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  • Writer's pictureCris

The power of communication (part 2)



Here we are again, to dive into the skills I have found very useful to tame anxiety before and during a public speech.


I've divided this post into two parts. The first will focus on the two tricks I use to calm the mind down before a speech. The second one will summarise some of the pillars presented by Ving Giang on how to face a big audience.


How to calm down before a presentation

The techniques I use to tame anxiety, heart rate and breathing are the double inhale and the thumb-holding.

About 10-15 minutes before a presentation, I try to slow my breath down by taking an additional inhale after every regular breath. It has been proven that the double inhale aids in expanding the alveoli, which are minuscule air sacs within our lungs. This expansion enhances the exchange of oxygen and carbon dioxide. Consequently, it triggers our brain to reduce the stress response, allowing us to relax. I usually do this exercise for 3-5 times.

After this, I tightly hold my left thumb inside the other fist until I can feel the thumb pulse. This exercise helps to force the respiration into a fixed and precise rhythm.


What I (try to) do during my speeches

Nobody can speak to many people together, but we're great at talking to just one person - Ving Giang

With just three or four tips, we can improve our communication skills in public. Despite being very shy, I enjoyed the last couple of presentations. I now try to practice as many public speeches as I can to practice and try different approaches.


First of all, I always try to have fun. I used to be very (very!) serious during my presentation. I thought that a plain voice, with little or no tone, would have transmitted preparation and professionalism. I now know that nothing could be further from the truth. I now try to pronounce the words with as much melody as possible (without looking mental), and I always try to maintain a friendly and relaxed voice.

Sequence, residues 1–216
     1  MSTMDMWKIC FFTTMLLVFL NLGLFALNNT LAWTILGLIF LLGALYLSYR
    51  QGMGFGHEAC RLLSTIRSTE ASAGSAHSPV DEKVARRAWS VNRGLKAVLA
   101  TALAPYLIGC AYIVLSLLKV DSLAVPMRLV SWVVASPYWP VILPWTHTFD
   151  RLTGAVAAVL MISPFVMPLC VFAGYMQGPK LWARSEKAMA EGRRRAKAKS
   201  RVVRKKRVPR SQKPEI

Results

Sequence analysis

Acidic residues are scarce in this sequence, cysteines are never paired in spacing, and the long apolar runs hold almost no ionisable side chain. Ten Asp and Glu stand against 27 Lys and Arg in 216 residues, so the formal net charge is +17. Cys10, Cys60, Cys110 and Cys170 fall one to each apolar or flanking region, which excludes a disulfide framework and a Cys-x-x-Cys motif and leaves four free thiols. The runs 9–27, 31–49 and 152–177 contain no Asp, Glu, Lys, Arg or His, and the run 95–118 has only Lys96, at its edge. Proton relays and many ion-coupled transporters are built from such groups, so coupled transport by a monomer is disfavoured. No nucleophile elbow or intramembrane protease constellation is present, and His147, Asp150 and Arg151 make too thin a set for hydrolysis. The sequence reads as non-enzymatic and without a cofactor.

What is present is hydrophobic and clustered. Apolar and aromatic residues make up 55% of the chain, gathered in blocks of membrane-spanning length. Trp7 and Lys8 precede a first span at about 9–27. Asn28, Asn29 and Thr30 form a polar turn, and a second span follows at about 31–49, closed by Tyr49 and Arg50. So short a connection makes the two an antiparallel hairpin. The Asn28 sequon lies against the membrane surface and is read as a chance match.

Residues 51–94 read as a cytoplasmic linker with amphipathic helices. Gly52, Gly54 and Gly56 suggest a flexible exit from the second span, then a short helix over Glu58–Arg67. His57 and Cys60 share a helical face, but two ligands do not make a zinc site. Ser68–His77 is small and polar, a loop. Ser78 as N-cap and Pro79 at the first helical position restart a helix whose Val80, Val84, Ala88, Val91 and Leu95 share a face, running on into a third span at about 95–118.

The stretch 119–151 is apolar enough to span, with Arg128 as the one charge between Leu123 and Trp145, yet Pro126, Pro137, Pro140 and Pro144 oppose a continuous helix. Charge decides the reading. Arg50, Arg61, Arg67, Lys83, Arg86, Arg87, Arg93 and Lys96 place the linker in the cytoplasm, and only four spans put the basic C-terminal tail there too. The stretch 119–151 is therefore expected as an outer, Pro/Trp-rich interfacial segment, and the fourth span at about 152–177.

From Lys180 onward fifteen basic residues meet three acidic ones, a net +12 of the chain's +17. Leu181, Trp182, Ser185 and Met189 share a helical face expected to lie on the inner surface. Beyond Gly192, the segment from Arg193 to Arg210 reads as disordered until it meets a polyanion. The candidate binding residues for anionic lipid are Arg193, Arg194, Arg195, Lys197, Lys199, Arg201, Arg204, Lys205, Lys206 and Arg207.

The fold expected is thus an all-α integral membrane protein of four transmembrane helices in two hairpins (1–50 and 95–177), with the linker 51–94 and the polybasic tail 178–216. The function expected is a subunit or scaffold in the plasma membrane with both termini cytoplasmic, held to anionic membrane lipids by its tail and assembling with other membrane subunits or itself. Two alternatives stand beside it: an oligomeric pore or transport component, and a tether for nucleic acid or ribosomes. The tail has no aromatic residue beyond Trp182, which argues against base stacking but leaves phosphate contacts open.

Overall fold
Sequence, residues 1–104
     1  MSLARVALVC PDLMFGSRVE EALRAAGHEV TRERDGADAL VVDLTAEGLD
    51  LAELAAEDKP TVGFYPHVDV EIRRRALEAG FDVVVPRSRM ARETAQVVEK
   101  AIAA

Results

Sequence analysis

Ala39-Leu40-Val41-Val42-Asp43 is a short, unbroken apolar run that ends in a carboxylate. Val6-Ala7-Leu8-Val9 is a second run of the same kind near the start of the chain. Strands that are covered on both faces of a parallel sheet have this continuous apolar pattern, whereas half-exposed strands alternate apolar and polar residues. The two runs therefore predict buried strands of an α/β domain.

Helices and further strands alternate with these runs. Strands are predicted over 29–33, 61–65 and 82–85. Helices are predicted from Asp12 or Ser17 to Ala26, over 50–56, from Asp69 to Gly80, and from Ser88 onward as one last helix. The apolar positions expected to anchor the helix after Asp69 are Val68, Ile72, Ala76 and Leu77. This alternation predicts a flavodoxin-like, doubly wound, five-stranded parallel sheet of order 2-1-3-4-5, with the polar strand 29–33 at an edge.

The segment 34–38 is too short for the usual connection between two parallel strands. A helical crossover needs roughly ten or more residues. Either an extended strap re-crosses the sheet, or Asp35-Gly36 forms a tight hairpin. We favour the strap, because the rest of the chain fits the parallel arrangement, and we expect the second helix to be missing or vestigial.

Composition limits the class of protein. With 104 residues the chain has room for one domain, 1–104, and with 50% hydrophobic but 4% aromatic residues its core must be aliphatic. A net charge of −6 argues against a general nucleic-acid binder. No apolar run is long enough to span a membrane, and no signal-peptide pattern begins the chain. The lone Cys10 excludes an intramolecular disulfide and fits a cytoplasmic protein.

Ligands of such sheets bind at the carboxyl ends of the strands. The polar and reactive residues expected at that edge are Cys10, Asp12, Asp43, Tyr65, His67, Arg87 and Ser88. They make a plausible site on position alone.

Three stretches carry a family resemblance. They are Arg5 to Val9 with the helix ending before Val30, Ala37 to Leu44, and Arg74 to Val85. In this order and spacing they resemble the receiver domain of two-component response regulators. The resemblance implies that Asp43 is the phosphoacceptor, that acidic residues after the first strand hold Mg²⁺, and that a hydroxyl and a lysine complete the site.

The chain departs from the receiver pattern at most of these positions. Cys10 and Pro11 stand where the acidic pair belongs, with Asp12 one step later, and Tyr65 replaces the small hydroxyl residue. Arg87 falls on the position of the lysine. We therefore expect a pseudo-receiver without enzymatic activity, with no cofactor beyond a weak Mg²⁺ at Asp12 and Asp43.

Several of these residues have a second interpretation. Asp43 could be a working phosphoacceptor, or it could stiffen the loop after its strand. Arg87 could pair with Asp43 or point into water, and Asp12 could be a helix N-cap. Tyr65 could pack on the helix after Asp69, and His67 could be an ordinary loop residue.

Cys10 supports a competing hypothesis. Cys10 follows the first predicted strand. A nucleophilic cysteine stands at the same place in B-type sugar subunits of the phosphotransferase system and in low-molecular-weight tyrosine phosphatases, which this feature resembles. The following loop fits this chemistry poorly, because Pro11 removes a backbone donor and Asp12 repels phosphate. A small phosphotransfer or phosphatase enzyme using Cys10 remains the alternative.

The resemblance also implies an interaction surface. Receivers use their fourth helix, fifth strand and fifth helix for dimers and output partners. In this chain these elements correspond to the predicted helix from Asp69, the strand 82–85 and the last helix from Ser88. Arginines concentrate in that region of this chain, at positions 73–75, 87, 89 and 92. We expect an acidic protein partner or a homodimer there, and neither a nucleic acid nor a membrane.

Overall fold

Another thing I found very useful is paying attention to the people I choose to engage in eye contact with. I used to wander with my eyes from one person to another without any reason, making it impossible to establish eye contact with anybody. I now try to talk to one person at a time. I talk only to him or her until I finish a sentence. I interrupt the eye contact to re-engage with somebody else only after I end a sentence.


Also, I focus on those people who seem engaged and interested, I avoid making eye contact with people who appear disinterested, with people who play video games with their phones or send emails:). I visualize a giant red X over people who radiate bad vibes, and I never look at them again.


One last highly efficient method (but a bit more difficult to master) is called baton gestures. It consists in gesturing to the rhythm of the voice. Many great communicators are very good at it as they perfectly combine tone, rhythm, volume and gesture (difficult, but it's worth it to watch a few videos about it!).


What are your strategies to tame the anxiety before a speech or a presentation?


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